When it comes time to buy a new RV AC, or upgrade the one you’re currently using, you will need to know the BTU of the unit you’re interested in. Most RVs, from the most compact models all the way up to larger 5th-wheel vehicles will have an AC installed in it. Some might even have more than one.
Is there a few ways you can find out how many BTUs your air conditioner is. You can check on the spec sheet, or find the unit model number. Another surefire way to check your air conditioners BTUs is to take a look at what the amperage is. Finally you can also verify depending on if your RV AC system is ducted or non-ducted.
How Many BTUs Is My RV Air Conditioner?
BTU, or British Thermal Unit, is a measurement of the amount of heat an AC unit can remove from a given room. An RV AC with a higher BTU will be more powerful. Typically, many modern RV manufacturers are equipping their vehicles with 15,000 BTU air conditioners, but this isn’t always the case.
With very few notable exceptions, your RV AC will be 13,500 BTU, or 15,000 BTU. These are the industry standards that can give you a ballpark range to work with. If you are repairing or swapping out your AC, you will want to know the precise figure.
Every way that you can possibly determine the BTU of your unit is rather straightforward.
Far and away, this is the simplest method to see how many BTUs are in your air conditioner. If you locate the spec sheet for the specific brand, style, and model for your unit, it ought to list the BTU.
Unit Model Number
Say that you don’t have the spec sheet, however, and you still want to know with absolute certainty the BTUs for your RV AC unit. This requires a shred more physical effort, but won’t take up too much of your time.
Climb to the roof of your RV and head to the air conditioning unit. There will be an enclosure around the AC known as a shroud. You will remove the shroud by unscrewing and carefully lifting it up, setting it to the side so you can verify the unit model number. It will be printed somewhere on the unit itself.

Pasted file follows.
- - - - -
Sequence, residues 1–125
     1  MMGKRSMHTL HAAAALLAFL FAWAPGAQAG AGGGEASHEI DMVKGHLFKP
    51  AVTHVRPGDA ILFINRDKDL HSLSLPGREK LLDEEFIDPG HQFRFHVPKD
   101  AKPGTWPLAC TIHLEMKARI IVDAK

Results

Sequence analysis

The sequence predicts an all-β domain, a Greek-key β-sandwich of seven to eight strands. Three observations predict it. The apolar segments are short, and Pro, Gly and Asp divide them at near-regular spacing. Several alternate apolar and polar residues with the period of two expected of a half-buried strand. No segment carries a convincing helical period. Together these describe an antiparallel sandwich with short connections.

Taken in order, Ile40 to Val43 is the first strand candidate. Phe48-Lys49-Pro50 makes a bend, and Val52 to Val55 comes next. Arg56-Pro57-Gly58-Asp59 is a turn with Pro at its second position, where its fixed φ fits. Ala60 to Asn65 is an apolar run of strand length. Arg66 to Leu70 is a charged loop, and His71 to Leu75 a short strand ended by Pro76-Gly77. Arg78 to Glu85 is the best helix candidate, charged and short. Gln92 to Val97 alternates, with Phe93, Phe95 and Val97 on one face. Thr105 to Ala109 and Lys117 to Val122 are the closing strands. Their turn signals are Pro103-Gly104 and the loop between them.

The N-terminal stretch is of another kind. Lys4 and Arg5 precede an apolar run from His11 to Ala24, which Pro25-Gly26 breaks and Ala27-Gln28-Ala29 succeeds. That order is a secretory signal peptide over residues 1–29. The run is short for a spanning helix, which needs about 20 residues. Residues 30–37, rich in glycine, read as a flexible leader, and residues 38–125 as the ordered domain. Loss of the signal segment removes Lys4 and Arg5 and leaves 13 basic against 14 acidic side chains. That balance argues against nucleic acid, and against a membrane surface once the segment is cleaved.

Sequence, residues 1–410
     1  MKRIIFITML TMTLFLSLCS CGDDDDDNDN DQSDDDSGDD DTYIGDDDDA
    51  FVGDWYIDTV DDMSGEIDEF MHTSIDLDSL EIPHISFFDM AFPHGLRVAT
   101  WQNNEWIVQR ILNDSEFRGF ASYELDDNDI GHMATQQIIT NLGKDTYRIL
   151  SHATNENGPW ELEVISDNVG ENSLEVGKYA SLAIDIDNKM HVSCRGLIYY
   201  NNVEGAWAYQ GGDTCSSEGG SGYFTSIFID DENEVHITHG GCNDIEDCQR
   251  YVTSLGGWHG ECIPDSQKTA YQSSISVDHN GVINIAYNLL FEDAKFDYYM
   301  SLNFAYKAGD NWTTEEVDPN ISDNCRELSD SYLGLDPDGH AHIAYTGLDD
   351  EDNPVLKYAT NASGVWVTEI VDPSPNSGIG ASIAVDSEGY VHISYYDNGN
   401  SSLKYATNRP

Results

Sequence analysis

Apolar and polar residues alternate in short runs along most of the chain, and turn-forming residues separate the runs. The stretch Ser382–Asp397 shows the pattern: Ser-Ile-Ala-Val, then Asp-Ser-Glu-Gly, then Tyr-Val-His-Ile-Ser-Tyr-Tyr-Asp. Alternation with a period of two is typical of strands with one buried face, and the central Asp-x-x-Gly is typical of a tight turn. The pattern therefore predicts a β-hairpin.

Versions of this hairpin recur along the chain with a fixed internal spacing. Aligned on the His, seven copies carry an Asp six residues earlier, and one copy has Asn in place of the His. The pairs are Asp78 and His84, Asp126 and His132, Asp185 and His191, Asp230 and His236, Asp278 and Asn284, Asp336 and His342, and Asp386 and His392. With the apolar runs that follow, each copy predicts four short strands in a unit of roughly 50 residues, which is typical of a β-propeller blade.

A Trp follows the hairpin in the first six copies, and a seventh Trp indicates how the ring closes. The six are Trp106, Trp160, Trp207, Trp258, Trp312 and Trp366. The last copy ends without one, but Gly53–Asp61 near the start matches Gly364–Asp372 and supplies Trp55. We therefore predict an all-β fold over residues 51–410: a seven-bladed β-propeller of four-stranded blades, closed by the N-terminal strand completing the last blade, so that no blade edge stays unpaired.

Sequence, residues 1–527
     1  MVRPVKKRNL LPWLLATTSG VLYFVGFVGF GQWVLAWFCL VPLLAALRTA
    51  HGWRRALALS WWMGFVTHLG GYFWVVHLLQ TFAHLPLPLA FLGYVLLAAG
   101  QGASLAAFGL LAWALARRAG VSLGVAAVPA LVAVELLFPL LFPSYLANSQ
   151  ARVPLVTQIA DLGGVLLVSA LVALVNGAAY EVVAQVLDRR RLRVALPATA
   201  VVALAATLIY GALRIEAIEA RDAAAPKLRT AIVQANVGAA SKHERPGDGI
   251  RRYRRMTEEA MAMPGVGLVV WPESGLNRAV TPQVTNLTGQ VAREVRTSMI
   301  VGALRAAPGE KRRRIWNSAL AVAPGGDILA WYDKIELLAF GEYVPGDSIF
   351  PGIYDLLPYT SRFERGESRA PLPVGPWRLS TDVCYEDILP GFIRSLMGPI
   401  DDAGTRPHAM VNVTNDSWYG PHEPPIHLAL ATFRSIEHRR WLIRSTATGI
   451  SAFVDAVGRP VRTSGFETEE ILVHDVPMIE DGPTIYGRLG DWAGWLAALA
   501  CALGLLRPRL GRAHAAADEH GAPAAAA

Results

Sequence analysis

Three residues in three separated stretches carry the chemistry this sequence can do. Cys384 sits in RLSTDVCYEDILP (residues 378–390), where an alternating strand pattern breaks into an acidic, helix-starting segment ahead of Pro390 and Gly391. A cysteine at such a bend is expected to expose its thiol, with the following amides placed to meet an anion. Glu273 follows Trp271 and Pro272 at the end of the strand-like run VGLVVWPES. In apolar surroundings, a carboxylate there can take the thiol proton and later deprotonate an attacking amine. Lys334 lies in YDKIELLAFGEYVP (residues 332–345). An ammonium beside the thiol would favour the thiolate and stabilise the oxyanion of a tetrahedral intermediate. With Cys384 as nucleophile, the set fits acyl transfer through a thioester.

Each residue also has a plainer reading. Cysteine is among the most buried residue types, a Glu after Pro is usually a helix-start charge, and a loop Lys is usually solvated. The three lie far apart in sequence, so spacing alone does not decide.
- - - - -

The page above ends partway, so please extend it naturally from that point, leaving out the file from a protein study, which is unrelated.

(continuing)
When searching for this, don’t jot down the very first number that you see, unless you are positive it is for the AC itself. To elaborate, you might see numerous model numbers scattered throughout the unit, as various parts might have their own, specific serial codes.
Check Your RV’s Amperage
If you’re familiar with your RV’s amperage, you’ll know if it’s 30-amp or 50-amp. These will line up with your RV air conditioner’s BTU in a rather simple measure: 13,500 BTU for 30-amp, and 15,000 BTU for 50-amp.
Ducted Or Non-Ducted
Finally, if you are not sure how many BTUs are in your RV air conditioner, there is one more way that you can check. All you have to know is whether or not your RV air conditioning system is ducted or non ducted.
If your system is ducted, you should be able to see circular events scattered throughout the ceiling of your rv. Alternatively, non ducted RV AC units will only shoot air out of the main vent located directly under the AC unit.
Non-ducted systems, for the most part, will use a 13,500 BTU AC or smaller. As for a ducted system, it is a little bit harder to tell, as there is some discrepancy. You have a 50/50 chance of the system being 13,500 or 15,000 btu. If you are unable to verify using any of the other methods, this will at least help you narrow it down.
When you want to find out how many BTUs are in your RV air conditioner, there are fairly easy ways to check. When it is all said and done, the BTUs in your RV air conditioner depend on what was ordered from the factory at the time of manufacturing.
It is more common to find a 13,5 00 BTU RV AC unit, but that does not mean that yours might not be $15,000. When you need to take a look either check the spec sheet, the unit model number, or decipher your av’s amperage. Whether or not the system is ducted or non-ducted will give you a further clue as to your RV air conditioner’s BTU.